I have been asked by many of my fellow eco printers to show photos of the steamer I use in the oven for eco printing both on fabric and paper. I am including 3 photo views and I hope that they are not too small to understand. One view is the steamer clamped and closed, ready to go into a 225 degree (F) oven for 1 or 1+ 1/2 hrs. The second view is of the steamer open, with the makings of the steaming unit visible. The third view is another view of the steamer innards that will hopefully give a good idea of how it is constructed.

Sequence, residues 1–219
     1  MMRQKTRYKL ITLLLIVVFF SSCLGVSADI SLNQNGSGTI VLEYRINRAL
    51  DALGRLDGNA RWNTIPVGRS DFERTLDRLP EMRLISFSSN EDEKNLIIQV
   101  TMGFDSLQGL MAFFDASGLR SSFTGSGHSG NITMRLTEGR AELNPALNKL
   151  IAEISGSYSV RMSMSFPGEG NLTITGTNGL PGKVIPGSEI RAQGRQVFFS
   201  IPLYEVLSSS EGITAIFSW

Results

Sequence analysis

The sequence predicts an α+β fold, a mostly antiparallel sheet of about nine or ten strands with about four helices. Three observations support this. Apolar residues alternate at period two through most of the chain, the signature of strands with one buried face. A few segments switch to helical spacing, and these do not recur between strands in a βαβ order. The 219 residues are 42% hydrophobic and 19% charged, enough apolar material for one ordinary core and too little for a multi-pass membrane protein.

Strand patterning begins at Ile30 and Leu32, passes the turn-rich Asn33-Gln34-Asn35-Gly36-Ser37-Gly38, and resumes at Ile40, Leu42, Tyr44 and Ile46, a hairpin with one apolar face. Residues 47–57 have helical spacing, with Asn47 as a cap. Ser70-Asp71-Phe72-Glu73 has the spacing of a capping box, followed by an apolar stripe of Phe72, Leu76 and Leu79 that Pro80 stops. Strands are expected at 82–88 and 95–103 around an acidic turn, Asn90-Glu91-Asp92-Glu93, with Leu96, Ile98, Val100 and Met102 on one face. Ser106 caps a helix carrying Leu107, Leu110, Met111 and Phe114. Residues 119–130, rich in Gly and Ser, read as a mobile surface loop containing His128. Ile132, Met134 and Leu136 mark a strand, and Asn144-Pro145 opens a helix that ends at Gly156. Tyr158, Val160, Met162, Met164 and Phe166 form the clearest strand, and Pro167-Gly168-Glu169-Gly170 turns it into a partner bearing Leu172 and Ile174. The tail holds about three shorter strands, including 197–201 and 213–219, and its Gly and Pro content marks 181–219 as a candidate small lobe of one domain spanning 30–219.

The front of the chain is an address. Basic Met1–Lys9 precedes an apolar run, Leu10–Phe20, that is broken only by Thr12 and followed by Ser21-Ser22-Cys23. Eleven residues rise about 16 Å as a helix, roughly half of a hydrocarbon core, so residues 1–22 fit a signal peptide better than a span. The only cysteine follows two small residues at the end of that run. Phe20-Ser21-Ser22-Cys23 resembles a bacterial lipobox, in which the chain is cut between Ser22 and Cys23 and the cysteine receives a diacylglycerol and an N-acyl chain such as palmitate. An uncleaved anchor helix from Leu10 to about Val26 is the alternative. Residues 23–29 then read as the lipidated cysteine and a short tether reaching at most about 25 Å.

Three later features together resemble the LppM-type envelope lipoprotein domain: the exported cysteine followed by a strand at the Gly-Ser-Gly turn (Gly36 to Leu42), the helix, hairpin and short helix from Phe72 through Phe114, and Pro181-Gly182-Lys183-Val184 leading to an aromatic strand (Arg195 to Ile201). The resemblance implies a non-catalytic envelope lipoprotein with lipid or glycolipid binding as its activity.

Whether you are printing on fabric or paper, the important thing is not to let the steamer run out of water. Do this by starting with nearly 2 inches of water or dye bath in the bottom pan. Use whatever rack you have available to hold your bundles or prints above the boiling water. For paper prints, I lay a ceramic tile on the bottom rack then stack dampened papers and plant materials (up to 11 layers) then place the 2nd ceramic tile on top to weight the pile down for good contact. Place the 2nd aluminum roasting pan upside down on top of the first pan, and use binder clips, bulldog clips or whatever type of clips you have that will withstand the oven temperature to hold the two pans together during steaming. Place the steamer in a preheated oven at 225 degrees (F). Close the oven and let cook for approx. 1 hr. or 1 + 1/2 hrs. Turn off the heat and let the steamer cool in the oven overnight. The next day, remove the cover pan and the ceramic tile "bundle" from the steamer. begin to separate thee layers of paper/plant materials. If the paper is stuck together tightly, pick the stack up and run cold water over it as you separate the layers. If plant material sticks to it, it is O.K. When the print is dry, the vegetative material will usually peel away. If it doesn't you may hold it under running water until it loosen then dry the print again. I dry my prints by hanging them like laundry on a clothesline with wooden clothespins. I hope this is helpful. .